Shares of ASML Holding (ASML) closed up 8.85% today after the company reported record orders for its chip-making equipment in the fourth quarter. ASML sales grew 12.5% year-over-year. And orders more than tripled from the third-quarter. I added shares of ASML Holding to my long-term 50 Stocks Portfolio on December 12, 2023. The position is up 17.6% since then as of the close on January 24.
You may have noticed that shares of chip equipment maker ASML Holding have been in retreat lately. The shares are down from a $757 close on December 29 to $700 today, January 4. That’s at 7.5% drop. So what’s up?
GREATER Growth Stock Pick #7: ASML Holding (ASML). ASML Holding is priced like a stock that owns 90% of the market for cutting edge photo lithography chip-making equipment. I want to own this stock as one of my 10 GREATER Growth Stocks, but I worry about paying that kind of multiple (35 times trading 12-month earnings per share), especially ahead of what is shaping up as a challenging 2024 for chip equipment makers in general and ASML in particular. But 2025 looks like a great year for chip equipment makers in general and ASML in particular. So timing is the key issue on buying this one.
Today I’m selling ASML Holding (ASML) out of my long-term 50 Stocks Portfolio. My take on Asmel hasn’t changed: this is one of the key chip equipment companies in the drive to produce smaller and denser chips. What has changed in the market and the global economy. I think that technology, and especially chip stocks, are in a downtrend that has a lot longer to run. And that recent U.S. restrictions on advanced chip technology exports to China will set off a trade war that will come down heavily on companies such as ASML.
If you liked the Trump administration’s trade war with China, you’ll love the Biden administration’s new, more dangerous, escalated version. Rather than slapping tariffs on Chinese goods, and inviting retaliatory tariffs by China on American products, the Biden administration war limits the same of advanced semiconductors and chip-making equipment to Chines companies. The action is aimed straight at the heart of China’s efforts to build its own chip industry. And it plays right into a belief, stoked by China’s President Xi Jinping, that China is the victim of a Western plot to prevent the country’s rise to its rightful place in the global order. And the opening blows in this trade war come just as President Xi aims to be installed as China’s newest preeminent leader with a status near that of Mao. I don’t know what the retaliation from China will be, but it is unlikely to stop with a few restrictions on how U.S. companies, such as Tesla (TSLA) and Apple (AAPL) operate in China. The situation is so dangerous because it is so uncertain and so open-ended.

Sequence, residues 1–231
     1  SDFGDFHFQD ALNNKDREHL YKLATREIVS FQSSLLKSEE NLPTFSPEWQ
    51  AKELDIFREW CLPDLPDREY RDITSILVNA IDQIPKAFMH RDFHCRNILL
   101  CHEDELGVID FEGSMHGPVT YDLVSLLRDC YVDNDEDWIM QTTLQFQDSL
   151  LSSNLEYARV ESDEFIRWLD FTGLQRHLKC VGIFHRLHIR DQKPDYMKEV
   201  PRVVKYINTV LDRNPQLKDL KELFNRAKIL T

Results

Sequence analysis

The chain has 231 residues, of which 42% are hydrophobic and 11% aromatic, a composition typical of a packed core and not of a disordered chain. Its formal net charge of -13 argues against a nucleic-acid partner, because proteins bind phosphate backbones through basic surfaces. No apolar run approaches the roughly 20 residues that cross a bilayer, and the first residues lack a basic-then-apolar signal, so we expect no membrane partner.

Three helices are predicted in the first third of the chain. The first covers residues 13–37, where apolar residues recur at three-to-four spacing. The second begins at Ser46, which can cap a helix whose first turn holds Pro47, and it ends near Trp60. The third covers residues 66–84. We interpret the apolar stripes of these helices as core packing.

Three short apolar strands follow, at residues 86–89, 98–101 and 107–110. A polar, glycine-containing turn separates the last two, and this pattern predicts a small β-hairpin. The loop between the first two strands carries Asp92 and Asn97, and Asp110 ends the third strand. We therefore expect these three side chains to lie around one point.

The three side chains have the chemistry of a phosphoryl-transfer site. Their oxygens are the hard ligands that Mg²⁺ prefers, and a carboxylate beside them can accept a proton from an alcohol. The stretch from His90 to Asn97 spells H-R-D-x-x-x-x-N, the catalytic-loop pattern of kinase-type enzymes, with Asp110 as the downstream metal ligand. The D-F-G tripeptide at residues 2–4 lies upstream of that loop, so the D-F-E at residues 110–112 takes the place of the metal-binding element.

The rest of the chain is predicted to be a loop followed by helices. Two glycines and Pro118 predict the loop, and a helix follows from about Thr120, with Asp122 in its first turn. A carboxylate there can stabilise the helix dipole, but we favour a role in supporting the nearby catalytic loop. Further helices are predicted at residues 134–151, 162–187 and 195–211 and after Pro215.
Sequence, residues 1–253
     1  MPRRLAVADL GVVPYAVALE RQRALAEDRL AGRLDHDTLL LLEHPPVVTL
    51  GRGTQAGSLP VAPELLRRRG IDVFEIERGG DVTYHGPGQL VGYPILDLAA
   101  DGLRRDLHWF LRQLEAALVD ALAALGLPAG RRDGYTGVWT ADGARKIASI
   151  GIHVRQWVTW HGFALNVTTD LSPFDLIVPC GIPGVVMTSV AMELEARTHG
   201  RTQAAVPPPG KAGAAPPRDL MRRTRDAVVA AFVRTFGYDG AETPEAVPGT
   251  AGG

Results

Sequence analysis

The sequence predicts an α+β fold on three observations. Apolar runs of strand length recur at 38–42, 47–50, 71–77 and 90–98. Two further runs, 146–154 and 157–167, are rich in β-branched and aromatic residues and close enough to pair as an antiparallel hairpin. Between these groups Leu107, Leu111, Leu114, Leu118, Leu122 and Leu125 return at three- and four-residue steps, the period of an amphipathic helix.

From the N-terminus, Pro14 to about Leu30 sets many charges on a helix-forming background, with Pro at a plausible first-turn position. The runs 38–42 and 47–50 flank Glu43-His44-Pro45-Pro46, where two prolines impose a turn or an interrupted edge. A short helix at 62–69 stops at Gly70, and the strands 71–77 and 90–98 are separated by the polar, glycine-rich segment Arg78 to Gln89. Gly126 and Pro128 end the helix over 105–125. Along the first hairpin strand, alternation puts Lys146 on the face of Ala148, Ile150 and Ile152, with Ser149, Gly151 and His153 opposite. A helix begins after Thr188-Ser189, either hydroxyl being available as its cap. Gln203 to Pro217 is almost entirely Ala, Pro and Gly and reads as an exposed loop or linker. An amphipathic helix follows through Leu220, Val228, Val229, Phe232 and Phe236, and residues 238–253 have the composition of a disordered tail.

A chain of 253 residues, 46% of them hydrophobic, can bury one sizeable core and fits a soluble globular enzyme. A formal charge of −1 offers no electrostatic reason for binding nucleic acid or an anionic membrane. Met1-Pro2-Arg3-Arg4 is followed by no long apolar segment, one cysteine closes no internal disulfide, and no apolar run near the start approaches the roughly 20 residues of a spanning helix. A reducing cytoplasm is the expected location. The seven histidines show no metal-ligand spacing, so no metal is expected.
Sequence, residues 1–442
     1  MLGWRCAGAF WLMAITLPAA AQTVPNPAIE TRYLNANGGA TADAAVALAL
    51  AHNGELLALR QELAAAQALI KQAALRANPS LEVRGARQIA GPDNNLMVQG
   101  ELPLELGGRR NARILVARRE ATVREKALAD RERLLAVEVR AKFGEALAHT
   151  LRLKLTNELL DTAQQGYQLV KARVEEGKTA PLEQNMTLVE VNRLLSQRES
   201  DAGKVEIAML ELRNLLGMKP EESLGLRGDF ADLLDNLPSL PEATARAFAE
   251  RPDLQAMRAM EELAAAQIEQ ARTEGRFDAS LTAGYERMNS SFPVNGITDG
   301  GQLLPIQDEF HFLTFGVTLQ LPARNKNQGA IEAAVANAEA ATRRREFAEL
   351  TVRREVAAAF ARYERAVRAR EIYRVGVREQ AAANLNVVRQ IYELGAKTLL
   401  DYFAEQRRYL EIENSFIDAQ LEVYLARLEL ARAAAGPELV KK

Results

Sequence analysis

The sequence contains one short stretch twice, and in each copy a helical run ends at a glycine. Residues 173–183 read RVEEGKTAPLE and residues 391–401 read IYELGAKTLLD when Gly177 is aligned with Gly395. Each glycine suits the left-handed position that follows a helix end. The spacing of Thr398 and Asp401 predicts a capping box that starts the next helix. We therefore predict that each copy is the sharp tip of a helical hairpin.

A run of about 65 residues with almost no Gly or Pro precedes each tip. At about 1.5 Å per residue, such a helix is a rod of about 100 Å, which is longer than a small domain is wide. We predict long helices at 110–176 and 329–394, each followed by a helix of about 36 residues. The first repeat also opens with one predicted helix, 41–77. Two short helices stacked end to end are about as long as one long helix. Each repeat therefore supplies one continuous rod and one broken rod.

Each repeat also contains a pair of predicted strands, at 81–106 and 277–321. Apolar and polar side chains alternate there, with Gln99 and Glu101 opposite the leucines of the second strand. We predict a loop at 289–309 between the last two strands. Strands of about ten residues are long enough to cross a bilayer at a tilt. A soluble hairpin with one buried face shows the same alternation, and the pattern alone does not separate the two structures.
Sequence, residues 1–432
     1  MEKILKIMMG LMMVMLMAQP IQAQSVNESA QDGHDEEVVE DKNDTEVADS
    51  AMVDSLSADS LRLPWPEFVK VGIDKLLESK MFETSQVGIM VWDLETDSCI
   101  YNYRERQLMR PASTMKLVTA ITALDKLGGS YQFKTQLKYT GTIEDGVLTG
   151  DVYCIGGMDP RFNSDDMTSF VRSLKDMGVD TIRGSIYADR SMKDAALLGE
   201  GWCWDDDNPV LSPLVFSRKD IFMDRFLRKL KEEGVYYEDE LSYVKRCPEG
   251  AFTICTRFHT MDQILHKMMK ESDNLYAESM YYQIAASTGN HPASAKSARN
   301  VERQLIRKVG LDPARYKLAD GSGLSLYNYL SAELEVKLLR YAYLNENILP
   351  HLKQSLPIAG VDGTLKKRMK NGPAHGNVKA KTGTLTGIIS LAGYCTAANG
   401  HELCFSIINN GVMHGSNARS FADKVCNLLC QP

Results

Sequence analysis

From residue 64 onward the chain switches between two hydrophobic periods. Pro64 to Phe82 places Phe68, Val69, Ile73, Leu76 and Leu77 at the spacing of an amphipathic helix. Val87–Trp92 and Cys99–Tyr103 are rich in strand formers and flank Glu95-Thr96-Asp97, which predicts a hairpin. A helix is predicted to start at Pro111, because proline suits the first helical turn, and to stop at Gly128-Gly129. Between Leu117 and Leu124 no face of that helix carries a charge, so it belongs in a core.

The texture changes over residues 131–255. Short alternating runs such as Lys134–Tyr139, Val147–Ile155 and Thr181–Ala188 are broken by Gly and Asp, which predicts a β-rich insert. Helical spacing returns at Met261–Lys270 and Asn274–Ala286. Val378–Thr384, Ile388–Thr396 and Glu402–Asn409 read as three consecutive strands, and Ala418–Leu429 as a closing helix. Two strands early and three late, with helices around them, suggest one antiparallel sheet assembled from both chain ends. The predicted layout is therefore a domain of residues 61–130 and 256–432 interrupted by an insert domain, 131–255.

Yesterday, September 29, after the close of trading DRAM chipmaker Micron Technology (MU) reported fiscal fourth-quarter earnings of $1.35 a share and adjusted earnings of $1.45 a share. That was down from $2.42 a share in adjusted earnings in the fiscal fourth quarter of 2021. Wall Street was looking for earnings of $1.37 a share. Revenue fell to $6.64 billion from $8.27 billion a year ago. Analysts had been looking for revenue of $6.73 billion. The drop in earnings and revenue was widely expected. Which is why the stock closed up 0.18% today after the earnings. You’d have to say that the big hurt from Micron’s news–and especially from its report that it would cut total capital spending by 30% year over year and spending on wafer fab equipment by 50% year over year–fell on chip equipment makers.
The Chips for America Act looks headed to a cloture vote in the Senate on Thursday. As the $52 billion bill now stands, it includes $39 billion for semiconductor companies to “build, expand, or modernize domestic facilities.” Here are the winners as I see them.
Here we go again. It’s not that we really have any more information about the Omicron Variant–we certainly don’t know what its effects will be on global economic acuity–but just as fears that the Covid-19 variant would send the world back into lockdown crushed stocks last week, this morning, December 7, a belief that Omicron won’t be all that bad has taken root and stocks are soaring in morning action.
After yesterday’s selling, we’re getting a bounce today. But, significantly, the bounce in stocks is much less “bouncy” than the Monday bounce from Friday’s plunge.
Yes, we want to buy on the dip. Whenever we get a significant dip. (And significant to me is 5% or more in the major indexes–and 10% or more in specific sectors.) But, we need new strategies for buying on the dip that take into account the market’s valuation problem, the central bank tightening that looks to be in the cards, and the real possibility of a dip in growth below forecasts in 2022. I’ve got fouir strategies to suggest for buying in this market on these dips. And 14 picks to use to execute those strategies.
Taiwan Semiconductor Manufacturing (TSM), the dominant independent chip manufacturer in the world, reported earnings today, October 14, of $1.08 per share for the September quarter. Wall Street analysts hd expected earnings of $1.04 a share. The stock closed up 2.35% today on the news.
Taiwan Semiconductor Manufacturing (TSM), the globes biggest independent chip foundry, said last week that it expects the chip shortage that has left automakers scrambling for silicon and cutting back production will be over by the end of the third quarter. Whether that’s good news or not depends on how much weight you give to this company’s projections.